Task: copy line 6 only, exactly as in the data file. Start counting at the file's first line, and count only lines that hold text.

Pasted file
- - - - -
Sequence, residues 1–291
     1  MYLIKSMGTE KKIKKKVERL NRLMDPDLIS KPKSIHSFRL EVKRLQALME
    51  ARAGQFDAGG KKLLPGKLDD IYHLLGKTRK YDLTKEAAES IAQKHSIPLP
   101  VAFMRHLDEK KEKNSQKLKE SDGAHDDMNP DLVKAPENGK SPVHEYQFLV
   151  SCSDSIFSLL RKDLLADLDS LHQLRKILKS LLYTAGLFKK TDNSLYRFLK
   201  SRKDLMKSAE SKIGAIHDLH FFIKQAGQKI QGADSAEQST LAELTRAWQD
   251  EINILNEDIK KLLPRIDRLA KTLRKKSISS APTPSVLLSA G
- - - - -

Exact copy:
   201  SRKDLMKSAE SKIGAIHDLH FFIKQAGQKI QGADSAEQST LAELTRAWQD